What 3 words describe you as a writer?
           
Imaginative, colorful, organized

When not writing, how do you spend your time? Hobbies?
           
Gardening, reading, playing piano and guitar, volunteering for national and international blindness organizations, public speaking

Do you remember the first story you ever read, and the impact it had on you?
           
I remember my parents reading me “The Wind in the Willows”. And I was fascinated by it. I can’t recall the first story I read myself, but it was probably one of the “Just So Stories” or “The Jungle Book” by  Rudyard Kipling.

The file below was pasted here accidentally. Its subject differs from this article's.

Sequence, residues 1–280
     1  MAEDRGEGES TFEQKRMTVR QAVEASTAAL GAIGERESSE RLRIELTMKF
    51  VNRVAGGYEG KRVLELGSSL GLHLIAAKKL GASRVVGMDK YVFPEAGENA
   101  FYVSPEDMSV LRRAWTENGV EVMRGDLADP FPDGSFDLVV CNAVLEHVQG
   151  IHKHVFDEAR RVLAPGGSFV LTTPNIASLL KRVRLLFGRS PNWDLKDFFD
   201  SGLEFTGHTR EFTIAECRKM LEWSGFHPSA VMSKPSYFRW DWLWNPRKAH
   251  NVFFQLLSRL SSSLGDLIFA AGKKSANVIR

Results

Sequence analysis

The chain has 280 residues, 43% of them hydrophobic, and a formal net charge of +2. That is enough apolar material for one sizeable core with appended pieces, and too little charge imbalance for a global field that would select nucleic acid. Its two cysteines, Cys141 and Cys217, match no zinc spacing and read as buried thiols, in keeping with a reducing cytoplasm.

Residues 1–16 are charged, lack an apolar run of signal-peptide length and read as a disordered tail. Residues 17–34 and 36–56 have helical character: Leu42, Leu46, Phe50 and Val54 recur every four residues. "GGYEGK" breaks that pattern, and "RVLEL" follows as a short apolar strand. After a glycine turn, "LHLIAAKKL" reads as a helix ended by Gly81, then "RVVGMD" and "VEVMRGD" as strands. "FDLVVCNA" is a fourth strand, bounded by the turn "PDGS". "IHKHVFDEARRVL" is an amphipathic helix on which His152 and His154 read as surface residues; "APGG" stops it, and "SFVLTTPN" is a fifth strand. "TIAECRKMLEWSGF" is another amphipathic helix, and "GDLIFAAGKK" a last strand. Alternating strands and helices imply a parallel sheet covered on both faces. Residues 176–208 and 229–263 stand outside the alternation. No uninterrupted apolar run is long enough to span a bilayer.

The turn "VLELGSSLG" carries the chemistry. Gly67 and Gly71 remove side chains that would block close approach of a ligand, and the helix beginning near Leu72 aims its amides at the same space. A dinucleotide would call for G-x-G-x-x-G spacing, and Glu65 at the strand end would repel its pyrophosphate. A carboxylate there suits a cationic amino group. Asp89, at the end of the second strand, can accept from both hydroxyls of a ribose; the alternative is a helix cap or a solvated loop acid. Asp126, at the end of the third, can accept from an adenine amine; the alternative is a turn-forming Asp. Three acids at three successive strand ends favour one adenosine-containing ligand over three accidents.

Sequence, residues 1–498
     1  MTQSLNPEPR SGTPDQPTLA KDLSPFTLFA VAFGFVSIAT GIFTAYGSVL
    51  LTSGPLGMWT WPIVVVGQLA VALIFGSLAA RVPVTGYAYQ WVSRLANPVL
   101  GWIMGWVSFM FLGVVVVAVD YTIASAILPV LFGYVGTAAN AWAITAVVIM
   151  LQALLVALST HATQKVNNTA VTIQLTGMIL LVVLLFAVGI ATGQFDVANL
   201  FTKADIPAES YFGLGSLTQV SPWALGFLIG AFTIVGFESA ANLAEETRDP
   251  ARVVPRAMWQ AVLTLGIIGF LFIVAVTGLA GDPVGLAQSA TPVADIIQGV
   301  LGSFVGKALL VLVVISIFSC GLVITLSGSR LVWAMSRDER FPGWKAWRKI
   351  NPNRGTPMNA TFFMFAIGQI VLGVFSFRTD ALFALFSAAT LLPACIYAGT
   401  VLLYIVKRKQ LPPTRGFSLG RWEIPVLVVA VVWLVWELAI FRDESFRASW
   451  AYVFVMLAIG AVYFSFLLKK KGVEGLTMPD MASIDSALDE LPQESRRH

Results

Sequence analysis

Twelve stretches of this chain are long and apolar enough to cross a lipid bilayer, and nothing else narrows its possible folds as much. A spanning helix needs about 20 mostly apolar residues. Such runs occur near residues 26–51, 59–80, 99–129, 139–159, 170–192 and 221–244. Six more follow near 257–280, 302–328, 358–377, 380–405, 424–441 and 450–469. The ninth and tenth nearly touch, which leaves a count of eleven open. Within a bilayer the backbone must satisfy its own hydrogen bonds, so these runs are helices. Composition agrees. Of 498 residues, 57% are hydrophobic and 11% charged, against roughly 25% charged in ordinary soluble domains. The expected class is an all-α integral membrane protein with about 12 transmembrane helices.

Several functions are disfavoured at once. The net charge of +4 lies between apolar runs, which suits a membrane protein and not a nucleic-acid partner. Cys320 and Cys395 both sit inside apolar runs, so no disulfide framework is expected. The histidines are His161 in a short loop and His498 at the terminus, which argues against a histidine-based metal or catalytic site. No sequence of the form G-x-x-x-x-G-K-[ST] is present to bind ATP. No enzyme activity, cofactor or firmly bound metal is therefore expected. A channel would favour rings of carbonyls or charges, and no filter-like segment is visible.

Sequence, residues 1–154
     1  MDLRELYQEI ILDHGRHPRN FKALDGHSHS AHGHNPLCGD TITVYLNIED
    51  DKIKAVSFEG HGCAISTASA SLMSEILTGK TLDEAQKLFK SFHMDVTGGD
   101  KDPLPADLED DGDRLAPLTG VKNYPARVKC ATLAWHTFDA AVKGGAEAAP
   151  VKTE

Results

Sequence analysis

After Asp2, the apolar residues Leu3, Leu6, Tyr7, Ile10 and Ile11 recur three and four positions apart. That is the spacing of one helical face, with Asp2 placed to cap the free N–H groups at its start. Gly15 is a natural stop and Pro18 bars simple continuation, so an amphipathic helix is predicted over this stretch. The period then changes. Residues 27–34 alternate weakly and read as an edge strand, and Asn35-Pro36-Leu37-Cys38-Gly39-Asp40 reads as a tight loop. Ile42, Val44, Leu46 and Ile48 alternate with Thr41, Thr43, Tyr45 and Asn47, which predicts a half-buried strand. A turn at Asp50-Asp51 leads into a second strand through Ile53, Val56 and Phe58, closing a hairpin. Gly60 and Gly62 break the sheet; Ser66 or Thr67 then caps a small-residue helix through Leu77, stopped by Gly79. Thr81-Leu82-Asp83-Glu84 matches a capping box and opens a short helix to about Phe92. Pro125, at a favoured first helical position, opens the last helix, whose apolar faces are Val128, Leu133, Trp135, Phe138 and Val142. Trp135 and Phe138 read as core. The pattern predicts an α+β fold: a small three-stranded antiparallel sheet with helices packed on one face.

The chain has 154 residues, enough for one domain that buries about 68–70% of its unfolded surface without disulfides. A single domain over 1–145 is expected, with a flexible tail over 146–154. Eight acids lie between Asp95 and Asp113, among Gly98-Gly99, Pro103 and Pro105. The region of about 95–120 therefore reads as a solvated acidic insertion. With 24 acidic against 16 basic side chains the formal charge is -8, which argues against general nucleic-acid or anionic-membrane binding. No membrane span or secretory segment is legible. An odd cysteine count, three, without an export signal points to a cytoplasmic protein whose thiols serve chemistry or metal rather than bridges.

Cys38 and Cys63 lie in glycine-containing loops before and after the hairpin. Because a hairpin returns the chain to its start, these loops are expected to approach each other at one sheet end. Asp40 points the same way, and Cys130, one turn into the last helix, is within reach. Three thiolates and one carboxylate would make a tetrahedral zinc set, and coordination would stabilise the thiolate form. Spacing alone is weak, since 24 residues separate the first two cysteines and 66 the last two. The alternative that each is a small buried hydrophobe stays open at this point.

Describe your desk.
           
My desk is U-shaped and holds my PC and monitor, with a printer and phone on the left wing with an electronic magnifier and laptop on the right wing.

Who is the main character?
           
Dr. Gillian  (Jill) Howard

What is her story?
          
She is a China historian who becomes involved in tracking down ancient artifacts believed to be lost.

Where/when does the story take place?
           
In both the past and the present. Ranging from fifteenth century India, to Thailand and China in the eighteenth century. The artifact search is set entirely in the present.

How did the story come to you?
           
The story was inspired by a certain historical artifact I have seen many times in Thailand.

What makes your book different from other similar ones?
           
It is more broad-ranging in both time and locations.